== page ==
Visa Inc. says its size will help it succeed in launching its own digital wallet, a market where many established payment companies have learned that bigger isn't always better.
Visa says its position as one of the world's top card networks will set it apart with its new alternative payment product, which allows consumers to make online or mobile purchases with a user name and password, instead of typing in a card number for each payment. The account associated with the digital wallet does not have to belong to a Visa card.
This product resembles American Express Co.'s recently launched Serve, as well as a multitude of efforts that failed a decade ago despite strong backers like Citigroup Inc. and Wells Fargo & Co. The banks' alternative payment offerings were unable to keep up with then-upstart PayPal Inc., which today has more active accounts than any U.S. bank has retail customers.
Visa insists that it is fundamentally different from any bank that has tried this approach before.
"What's different is that it's Visa," said Jim McCarthy, Visa's head of global products. "We are not an individual bank," and even giants like Citi and Wells "didn't have the ubiquity and the scale that we do."
PayPal, a unit of eBay Inc., thwarted Citi's c2it and the Wells Fargo/eBay collaboration Billpoint by breaking free of the trappings of traditional payments. Experts say Visa's digital wallet, however, is still very much tied to the mainstream payments world — particularly since Visa intends to use banks as an enrollment channel.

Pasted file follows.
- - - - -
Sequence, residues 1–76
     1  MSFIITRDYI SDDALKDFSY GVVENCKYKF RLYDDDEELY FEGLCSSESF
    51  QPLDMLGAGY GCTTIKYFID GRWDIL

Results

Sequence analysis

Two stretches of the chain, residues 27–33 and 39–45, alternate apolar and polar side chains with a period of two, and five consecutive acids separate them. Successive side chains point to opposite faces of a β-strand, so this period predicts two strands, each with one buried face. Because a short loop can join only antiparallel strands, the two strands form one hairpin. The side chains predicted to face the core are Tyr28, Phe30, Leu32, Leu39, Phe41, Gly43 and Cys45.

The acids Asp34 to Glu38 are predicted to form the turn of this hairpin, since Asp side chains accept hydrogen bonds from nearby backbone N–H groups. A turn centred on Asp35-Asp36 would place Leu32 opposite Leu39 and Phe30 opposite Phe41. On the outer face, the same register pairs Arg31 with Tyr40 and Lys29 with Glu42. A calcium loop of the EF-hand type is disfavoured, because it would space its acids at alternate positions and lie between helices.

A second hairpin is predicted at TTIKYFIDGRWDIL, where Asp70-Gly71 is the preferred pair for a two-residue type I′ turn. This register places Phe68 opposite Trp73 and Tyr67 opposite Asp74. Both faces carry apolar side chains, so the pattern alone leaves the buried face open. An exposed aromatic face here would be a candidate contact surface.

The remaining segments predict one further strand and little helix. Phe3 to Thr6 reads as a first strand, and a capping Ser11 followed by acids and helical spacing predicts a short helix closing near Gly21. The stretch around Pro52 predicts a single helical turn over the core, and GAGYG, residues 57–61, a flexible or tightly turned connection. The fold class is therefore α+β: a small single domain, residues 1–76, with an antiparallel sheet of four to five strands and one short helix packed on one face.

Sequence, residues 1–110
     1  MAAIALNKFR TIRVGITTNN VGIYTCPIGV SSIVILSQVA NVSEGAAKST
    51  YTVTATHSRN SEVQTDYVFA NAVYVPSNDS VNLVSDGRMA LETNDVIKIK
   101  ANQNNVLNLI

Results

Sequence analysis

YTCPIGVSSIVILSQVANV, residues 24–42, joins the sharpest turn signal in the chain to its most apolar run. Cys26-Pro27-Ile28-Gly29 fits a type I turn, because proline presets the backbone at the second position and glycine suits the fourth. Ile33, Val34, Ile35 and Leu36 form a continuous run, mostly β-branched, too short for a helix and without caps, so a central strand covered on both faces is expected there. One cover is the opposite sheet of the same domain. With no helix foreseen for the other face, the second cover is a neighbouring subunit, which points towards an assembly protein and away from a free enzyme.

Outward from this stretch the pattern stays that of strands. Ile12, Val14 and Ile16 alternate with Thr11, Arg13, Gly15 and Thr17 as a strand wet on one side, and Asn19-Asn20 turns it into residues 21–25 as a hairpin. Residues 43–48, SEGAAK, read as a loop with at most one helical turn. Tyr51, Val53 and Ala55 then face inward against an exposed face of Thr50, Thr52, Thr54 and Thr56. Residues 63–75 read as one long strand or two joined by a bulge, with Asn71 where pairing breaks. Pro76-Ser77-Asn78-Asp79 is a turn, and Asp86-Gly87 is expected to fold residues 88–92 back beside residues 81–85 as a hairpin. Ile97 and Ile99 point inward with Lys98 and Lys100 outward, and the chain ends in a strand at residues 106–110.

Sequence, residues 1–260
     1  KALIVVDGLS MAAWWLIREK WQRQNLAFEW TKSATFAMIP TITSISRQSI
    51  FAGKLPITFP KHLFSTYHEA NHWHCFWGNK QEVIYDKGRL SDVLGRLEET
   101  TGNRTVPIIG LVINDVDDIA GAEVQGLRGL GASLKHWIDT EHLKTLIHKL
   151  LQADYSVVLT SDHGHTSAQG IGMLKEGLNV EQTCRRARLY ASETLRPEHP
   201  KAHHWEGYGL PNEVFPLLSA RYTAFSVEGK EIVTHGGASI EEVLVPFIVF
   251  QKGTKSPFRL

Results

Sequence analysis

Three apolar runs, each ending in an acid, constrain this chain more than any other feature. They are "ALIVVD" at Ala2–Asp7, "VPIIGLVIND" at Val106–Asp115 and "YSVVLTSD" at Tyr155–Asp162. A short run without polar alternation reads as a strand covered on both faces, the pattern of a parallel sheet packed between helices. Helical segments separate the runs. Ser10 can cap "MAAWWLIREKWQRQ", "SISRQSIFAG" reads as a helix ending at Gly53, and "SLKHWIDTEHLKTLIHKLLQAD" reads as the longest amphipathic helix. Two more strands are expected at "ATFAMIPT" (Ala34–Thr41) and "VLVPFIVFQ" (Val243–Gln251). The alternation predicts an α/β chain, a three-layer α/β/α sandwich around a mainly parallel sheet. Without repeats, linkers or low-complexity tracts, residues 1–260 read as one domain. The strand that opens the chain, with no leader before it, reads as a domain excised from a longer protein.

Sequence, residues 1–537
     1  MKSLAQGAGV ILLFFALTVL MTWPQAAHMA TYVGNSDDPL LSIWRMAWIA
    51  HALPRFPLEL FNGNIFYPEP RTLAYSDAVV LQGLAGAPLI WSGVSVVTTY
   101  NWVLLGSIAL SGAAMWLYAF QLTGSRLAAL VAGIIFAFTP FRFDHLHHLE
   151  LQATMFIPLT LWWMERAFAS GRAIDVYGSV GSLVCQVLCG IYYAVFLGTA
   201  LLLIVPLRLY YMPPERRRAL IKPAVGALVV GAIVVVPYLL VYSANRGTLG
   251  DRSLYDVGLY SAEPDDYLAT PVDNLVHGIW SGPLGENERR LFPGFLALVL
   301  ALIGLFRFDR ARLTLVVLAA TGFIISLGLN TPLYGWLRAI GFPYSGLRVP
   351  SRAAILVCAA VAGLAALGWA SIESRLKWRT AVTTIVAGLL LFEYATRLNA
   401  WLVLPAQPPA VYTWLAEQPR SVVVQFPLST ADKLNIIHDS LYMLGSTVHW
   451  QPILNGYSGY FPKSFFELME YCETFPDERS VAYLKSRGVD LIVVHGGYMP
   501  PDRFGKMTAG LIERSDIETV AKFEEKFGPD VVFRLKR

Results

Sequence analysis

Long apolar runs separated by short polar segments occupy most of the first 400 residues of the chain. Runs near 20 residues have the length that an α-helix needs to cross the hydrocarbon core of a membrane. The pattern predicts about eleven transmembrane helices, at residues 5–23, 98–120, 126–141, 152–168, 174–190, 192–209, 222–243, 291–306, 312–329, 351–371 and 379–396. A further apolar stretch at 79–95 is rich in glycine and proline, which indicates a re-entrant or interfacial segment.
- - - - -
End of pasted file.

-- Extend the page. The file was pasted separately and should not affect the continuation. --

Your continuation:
"They are saying: 'Look, we are Visa and our primary customers are still the banks,' " said Thomas C. McCrohan, managing director for equity research at Janney Montgomery Scott in Philadelphia. "Apple and Google aren't going to talk to the banks, now Visa is helping the banks maintain their turf and bring more people to the table … all the teams are putting their jerseys on so you know who's on whose team."
Brian Riley, a research director in the bank cards practice at TowerGroup, said Visa "is in reaction mode. I think that American Express' Serve caught a few people off guard" when it was announced in March. "They are going right into MasterCard and Visa's sweet spot."
Gwenn Bezard, co-founder and research director at Aite Group in Boston, said, "I don't see Visa as having a track record of building consumer-facing products, and the main challenge they have is just their ability to do that."
However, Wedbush analyst Gil B. Luria said that Visa is fundamentally different enough from banks in consumers' minds that it may not face some of the challenges the early PayPal rivals did.
"Visa probably has a better chance of being successful, because Visa is more of a technology company — Wells and Citi are not," he said.
Visa's virtual wallet, set to be released this fall, will rely on a new type of payment that Visa plans to market through its CyberSource Corp. subsidiary (which it bought last July), and its merchant acquirers. Visa is also working with other technology providers, such as CPI Card Group, Inside Contactless and NXP Semiconductors, to test mobile contactless payments.
McCarthy said Visa will make DeviceFidelity Inc.'s technology, which it is testing with several banks for mobile payments, commercially available this summer.
Eventually there will be a smartphone app that will run in conjunction with Visa's digital wallet, McCarthy said. For now, the wallet can be managed from PC and smartphone Web browsers.